January 9th, 2007

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David Ervine, 1953-2007

There were a substantial cohort of political activists in Northern Ireland whose initial burst of public activity coincided with the peace process in the mid-1990s. I was one of the least prominent (and least successful) among them; David Ervine was one of the most prominent. He is, I think, the first of that cohort to have died.

I have to get up early tomorrow morning to get the train to London, and he deserves a longer tribute than this. But I'll just record for now that I always found him congenial, sincere, and straightforward in our relatively few mutual dealings. I think the last time we met was in a TV studio before the 2003 elections, where I correctly assured him that his own Assembly seat was reasonably safe but his colleague in North Belfast might have a more difficult task.

His time, to be honest, had passed. He was unable to really engage the UVF in the decommissioning process; he was unable to keep the Loyalist electorate engaged in his political project. I had already predicted on my website that he was likely to lose his East Belfast assembly seat to the DUP in the event of elections this year, and I think that that DUP gain must now be a near-certainty.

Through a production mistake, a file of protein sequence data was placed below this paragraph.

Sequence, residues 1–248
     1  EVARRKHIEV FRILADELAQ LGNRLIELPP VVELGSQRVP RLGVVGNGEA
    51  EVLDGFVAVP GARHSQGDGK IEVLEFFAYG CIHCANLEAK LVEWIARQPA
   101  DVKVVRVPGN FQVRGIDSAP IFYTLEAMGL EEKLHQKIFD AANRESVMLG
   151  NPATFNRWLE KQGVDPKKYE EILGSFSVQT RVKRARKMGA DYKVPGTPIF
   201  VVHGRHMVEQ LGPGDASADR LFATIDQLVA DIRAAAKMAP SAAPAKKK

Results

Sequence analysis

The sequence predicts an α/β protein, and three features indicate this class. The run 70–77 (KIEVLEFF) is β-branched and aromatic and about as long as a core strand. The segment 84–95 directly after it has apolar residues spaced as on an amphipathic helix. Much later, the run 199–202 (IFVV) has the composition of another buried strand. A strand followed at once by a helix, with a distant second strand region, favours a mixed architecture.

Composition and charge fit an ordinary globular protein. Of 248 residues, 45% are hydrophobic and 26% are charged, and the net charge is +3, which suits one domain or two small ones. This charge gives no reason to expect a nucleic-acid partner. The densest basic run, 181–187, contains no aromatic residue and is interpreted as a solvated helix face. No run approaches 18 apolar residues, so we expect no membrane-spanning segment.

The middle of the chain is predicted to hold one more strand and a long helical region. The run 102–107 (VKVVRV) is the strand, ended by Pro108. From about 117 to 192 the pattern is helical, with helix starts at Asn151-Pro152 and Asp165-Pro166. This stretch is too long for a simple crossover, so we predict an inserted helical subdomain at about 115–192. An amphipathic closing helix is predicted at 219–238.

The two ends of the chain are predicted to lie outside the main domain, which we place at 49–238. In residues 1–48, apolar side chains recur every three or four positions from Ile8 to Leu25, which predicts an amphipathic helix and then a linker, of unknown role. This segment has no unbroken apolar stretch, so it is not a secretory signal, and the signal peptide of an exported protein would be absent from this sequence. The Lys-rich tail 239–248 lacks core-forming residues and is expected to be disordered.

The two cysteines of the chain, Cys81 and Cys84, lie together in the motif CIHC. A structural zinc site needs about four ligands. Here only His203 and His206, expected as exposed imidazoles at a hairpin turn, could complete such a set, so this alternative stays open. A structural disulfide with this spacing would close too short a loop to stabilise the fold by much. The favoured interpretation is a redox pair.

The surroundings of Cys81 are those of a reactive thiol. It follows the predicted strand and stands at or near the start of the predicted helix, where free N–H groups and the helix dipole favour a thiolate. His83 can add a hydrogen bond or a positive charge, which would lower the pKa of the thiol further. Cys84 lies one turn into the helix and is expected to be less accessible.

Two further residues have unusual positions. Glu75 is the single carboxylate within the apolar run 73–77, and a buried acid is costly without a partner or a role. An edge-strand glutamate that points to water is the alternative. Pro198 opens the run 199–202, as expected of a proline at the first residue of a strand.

But I would have liked to see him sit around the TV studios for the next twenty years in graceful (or graceless) retirement as a pundit, puffing on his pipe and continuing to expound mercilessly on the topic of why those who voted for the other Unionist parties were voting against their own self-interest. We won't see that now.